Jack just stared.
“You wouldn’t have woken up, that’s what,” she said. “They forced you in there when I wouldn’t let Them in. You had no way of fighting, Jack.”
“I would have—”
Beth squatted down in front of Jack, taking his hands in hers, clumsily twining their gloved fingers. She leaned forward, her forehead pressed to the top of Jack’s head.
“Jack, you are very brave. And very stubborn. And I know you would try to fight back. And then I would lose you. And I will not let that happen.”
Jack tried to lift his head, but she pressed harder.
“Bad things happen when we sleep together, Jack.”
“Okay, okay, I get it!” he said. “You’re the expert.”
“So you’re okay with your parents’ decision, then? You won’t be all sulky at the dinner table?”
Jack slipped his head out from under Beth’s, and looked up at her. “Hannah sent you out here, didn’t she?”
Beth tried to pull back, but Jack kept his fingers twined tightly with hers.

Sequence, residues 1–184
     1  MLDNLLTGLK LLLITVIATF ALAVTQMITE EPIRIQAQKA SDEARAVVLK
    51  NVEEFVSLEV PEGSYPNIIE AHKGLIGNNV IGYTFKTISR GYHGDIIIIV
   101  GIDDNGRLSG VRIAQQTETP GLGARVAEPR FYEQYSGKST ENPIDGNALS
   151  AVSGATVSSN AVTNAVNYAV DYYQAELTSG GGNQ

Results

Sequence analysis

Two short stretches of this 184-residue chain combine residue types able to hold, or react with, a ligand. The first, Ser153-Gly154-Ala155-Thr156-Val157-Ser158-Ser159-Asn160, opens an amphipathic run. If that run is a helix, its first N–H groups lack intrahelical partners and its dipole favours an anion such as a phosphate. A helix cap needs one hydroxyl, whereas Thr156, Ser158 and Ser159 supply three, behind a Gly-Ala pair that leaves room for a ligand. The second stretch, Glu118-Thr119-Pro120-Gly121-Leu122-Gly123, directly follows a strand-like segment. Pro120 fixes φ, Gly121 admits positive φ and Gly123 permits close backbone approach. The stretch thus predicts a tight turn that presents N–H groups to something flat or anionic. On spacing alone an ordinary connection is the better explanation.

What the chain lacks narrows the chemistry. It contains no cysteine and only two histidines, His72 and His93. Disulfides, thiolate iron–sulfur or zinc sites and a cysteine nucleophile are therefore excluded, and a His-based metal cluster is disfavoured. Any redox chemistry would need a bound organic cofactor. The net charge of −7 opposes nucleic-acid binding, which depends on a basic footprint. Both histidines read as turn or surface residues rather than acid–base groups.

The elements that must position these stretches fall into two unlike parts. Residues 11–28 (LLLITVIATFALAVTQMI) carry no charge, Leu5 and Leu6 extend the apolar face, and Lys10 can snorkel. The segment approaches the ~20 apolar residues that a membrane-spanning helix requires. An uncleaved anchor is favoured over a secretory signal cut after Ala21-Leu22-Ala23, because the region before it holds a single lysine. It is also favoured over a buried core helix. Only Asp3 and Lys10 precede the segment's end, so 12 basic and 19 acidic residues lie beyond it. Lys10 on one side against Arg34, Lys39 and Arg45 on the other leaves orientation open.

Beth giggled. “Well, I was going to come out here after you anyway.”
Jack grinned. “A guy can’t even go sulk in peace any more.”
He got stiffly to his feet, stomping to restore some circulation to his lower legs.
They started back along their trail in the snow, side by side, the fingers of his right hand tangled with those of Beth’s left.
“Hey, Beth,” Jack said, after they’d crossed from the older growth into the younger, more open stretch of the woods. “Do you think, maybe… my parents don’t want us sleeping together because they think we might… you know?”
Beth glanced over at Jack.
“Do it?” she asked.
“Gross,” she said, making a face.
“Yeah, I kinda thought so, too,” Jack said.